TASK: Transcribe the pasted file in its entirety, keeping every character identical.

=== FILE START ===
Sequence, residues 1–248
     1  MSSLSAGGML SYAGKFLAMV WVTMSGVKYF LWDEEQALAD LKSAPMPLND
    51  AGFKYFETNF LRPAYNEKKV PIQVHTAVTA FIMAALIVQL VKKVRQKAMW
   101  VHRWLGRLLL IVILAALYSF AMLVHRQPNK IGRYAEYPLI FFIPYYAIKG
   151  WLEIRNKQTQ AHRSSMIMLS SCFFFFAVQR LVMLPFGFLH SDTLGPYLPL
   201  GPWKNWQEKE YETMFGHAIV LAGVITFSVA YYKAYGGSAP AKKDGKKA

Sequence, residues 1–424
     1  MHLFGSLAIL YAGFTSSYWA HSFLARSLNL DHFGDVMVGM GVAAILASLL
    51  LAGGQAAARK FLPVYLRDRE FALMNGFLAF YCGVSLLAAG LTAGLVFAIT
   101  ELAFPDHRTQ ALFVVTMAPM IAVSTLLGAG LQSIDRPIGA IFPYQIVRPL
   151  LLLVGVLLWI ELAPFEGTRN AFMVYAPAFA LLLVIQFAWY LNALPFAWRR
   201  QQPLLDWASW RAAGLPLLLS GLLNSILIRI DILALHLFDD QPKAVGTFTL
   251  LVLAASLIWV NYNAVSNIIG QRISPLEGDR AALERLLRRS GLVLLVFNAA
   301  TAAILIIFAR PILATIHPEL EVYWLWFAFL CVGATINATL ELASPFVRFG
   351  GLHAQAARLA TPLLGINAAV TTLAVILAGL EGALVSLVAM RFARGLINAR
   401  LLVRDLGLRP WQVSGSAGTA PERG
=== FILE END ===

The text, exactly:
Sequence, residues 1–248
     1  MSSLSAGGML SYAGKFLAMV WVTMSGVKYF LWDEEQALAD LKSAPMPLND
    51  AGFKYFETNF LRPAYNEKKV PIQVHTAVTA FIMAALIVQL VKKVRQKAMW
   101  VHRWLGRLLL IVILAALYSF AMLVHRQPNK IGRYAEYPLI FFIPYYAIKG
   151  WLEIRNKQTQ AHRSSMIMLS SCFFFFAVQR LVMLPFGFLH SDTLGPYLPL
   201  GPWKNWQEKE YETMFGHAIV LAGVITFSVA YYKAYGGSAP AKKDGKKA

Sequence, residues 1–424
     1  MHLFGSLAIL YAGFTSSYWA HSFLARSLNL DHFGDVMVGM GVAAILASLL
    51  LAGGQAAARK FLPVYLRDRE FALMNGFLAF YCGVSLLAAG LTAGLVFAIT
   101  ELAFPDHRTQ ALFVVTMAPM IAVSTLLGAG LQSIDRPIGA IFPYQIVRPL
   151  LLLVGVLLWI ELAPFEGTRN AFMVYAPAFA LLLVIQFAWY LNALPFAWRR
   201  QQPLLDWASW RAAGLPLLLS GLLNSILIRI DILALHLFDD QPKAVGTFTL
   251  LVLAASLIWV NYNAVSNIIG QRISPLEGDR AALERLLRRS GLVLLVFNAA
   301  TAAILIIFAR PILATIHPEL EVYWLWFAFL CVGATINATL ELASPFVRFG
   351  GLHAQAARLA TPLLGINAAV TTLAVILAGL EGALVSLVAM RFARGLINAR
   401  LLVRDLGLRP WQVSGSAGTA PERG